Initially, meat charts showed an entire cow in a pasture with the cuts of meat drawn on its side. By the end of the 19th Century, to encourage the disconnect of the consumers and to keep them from thinking about the animals that had to die to provide them meat, large meatpacking firms, “typically depicted the animals only as dotted outlines, with no eyes and not situated in a landscape.”

A further tendency to disengage from nature was an unanticipated byproduct of Americans’ appetite for wild game and birds, dishes the urbanites were able to serve while such meat was available in the markets.

“After 1911, when New York City finally closed its markets to wild game,” Vileisis says, “the once common awareness that wild plants and animals could be delicious foods would become as rare as a curlew or a heath hen. Not only were particular foods and flavors lost, but the very idea that food might come from an abundant nature was quietly forgotten.”

By the time sportsmen started working toward reforms to protect wild animals sought for the marketplace, it was, of course, too late for several species. Vileisis mentions one irony: consumers had moved so far from their understanding of nature, that by and large they failed to “grasp the connection” between their cooking all those passenger pigeon pies and the extinction of the species.

Now, while I can’t find any sources to corroborate my claim, here’s what I think I once read: To help people understand the distinction between the “bad” market hunting that had taken so many animal species to the brink and beyond and “good” hunting practiced by people like himself, Teddy Roosevelt coined the term “sport hunting.” He called it this because hunters were “good sports,” held themselves accountable to the standards of “fair chase” and supported the new hunting laws and conservation measures of the early 20th Century.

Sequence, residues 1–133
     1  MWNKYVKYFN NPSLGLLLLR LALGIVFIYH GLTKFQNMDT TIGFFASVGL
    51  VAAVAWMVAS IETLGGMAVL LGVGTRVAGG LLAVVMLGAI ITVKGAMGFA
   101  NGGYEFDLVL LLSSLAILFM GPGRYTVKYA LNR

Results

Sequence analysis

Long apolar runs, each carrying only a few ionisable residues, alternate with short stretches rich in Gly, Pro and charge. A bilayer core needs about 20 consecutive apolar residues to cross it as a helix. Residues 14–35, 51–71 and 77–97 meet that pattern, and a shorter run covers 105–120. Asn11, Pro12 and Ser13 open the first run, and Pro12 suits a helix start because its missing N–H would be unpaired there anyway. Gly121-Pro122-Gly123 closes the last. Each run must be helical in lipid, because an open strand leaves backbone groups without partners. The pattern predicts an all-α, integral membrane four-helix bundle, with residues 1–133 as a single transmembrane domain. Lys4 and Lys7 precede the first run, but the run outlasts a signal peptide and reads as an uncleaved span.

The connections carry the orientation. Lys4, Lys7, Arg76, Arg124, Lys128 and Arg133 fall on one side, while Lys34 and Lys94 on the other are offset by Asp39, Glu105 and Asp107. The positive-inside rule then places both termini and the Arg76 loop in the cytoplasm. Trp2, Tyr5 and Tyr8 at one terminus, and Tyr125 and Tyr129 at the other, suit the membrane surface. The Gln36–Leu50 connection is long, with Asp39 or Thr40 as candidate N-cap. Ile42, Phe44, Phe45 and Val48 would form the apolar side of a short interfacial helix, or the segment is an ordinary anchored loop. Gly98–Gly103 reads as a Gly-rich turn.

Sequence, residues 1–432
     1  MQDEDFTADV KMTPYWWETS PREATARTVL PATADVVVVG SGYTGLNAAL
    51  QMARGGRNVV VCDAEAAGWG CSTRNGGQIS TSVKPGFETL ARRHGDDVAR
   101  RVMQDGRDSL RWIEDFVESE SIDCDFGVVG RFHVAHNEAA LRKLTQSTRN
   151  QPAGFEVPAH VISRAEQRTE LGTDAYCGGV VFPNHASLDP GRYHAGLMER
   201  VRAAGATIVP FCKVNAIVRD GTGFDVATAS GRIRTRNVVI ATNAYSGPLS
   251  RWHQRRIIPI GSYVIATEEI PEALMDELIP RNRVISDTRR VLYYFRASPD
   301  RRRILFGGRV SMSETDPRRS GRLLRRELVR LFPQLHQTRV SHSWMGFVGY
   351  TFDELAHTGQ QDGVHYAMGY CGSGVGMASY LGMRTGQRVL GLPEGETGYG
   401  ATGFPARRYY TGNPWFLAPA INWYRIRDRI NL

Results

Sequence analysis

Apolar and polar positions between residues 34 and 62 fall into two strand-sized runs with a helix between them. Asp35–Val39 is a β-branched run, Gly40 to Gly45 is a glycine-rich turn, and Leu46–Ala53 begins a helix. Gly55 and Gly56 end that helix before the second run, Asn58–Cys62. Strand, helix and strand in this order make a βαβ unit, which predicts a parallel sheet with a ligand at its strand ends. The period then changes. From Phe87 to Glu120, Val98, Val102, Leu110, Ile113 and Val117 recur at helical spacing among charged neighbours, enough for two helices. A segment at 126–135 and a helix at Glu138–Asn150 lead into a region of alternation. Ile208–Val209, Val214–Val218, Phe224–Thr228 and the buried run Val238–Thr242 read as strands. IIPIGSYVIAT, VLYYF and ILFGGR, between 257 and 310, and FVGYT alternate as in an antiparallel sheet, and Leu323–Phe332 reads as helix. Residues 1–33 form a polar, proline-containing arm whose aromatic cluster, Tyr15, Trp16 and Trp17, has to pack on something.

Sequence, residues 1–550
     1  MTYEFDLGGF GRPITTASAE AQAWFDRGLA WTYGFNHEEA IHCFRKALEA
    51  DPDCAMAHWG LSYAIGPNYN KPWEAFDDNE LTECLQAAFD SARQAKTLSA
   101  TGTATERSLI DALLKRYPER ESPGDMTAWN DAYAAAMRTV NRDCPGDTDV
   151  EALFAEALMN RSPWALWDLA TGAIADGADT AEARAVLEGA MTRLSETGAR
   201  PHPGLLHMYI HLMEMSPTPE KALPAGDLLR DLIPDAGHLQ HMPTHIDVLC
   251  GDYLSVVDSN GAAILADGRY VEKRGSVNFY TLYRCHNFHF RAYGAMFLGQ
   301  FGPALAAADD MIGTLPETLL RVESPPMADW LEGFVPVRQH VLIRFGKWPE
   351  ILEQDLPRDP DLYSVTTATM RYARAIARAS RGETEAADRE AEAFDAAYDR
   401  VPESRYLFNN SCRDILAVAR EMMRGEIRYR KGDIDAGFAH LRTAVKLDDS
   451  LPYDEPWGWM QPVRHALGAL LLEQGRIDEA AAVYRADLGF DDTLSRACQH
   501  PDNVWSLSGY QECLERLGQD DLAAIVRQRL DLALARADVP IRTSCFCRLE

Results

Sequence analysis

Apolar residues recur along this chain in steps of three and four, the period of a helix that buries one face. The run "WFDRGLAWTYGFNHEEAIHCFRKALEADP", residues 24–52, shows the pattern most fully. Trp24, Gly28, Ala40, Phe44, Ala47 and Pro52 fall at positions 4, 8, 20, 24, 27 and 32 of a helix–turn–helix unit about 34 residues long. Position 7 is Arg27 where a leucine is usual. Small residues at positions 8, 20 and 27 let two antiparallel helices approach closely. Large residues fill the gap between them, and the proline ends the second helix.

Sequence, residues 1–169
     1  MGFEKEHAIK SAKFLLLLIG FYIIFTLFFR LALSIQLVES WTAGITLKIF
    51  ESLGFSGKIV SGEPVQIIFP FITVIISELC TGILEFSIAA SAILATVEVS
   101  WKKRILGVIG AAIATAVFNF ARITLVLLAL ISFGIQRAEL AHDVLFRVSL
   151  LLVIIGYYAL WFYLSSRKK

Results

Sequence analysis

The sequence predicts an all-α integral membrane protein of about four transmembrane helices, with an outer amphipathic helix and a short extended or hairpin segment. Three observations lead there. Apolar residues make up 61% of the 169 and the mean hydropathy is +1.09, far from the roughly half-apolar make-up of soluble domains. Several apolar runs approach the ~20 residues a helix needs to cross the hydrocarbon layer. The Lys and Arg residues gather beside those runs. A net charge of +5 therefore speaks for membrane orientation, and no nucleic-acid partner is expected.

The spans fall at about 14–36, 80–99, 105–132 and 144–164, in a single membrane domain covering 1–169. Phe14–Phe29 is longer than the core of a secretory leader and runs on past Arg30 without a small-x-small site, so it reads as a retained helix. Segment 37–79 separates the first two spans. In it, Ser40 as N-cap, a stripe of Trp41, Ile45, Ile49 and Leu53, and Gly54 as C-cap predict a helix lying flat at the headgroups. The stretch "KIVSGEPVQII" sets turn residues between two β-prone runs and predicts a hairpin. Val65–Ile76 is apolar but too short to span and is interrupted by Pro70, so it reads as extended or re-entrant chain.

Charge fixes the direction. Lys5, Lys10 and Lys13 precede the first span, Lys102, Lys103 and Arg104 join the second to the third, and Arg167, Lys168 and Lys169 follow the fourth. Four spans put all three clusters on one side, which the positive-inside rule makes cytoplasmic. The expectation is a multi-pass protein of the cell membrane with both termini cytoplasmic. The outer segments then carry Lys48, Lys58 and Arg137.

The problem we face now, well into the 21st Century, is a well funded and growing anti-hunting movement in America. Its adherents are the philosophical descendents of those earlier consumers who decried the loss of the passenger pigeon but failed to conceive they had played any role in that loss. To make matters worse, for over a century they have heard about “sport” hunting and have honed their words to attack that notion. “Killing for sport is killing for fun” is one of the mantras they’ve developed.

Well…perhaps it’s time to level or at least readjust the battlefield by defining a new term. Not “subsistence” because none of us is hunting to survive. How about calling what we do, “personal” hunting? Each of us hunts for a “personal” reason, whether it’s family tradition, recreation, spirituality, a kinship we feel with nature, to watch the dogs work, because we like the taste of game, whatever. Our reasons for hunting are as varied as we are. And as long as we obey the laws and hunt safely, our reasons can and should remain personal.

We don’t have to explain ourselves to anyone.

I realize my suggestion won’t cool the fanaticism or thin the wallets of the antis. But at least it would afford the general public the opportunity to see things in different terms.n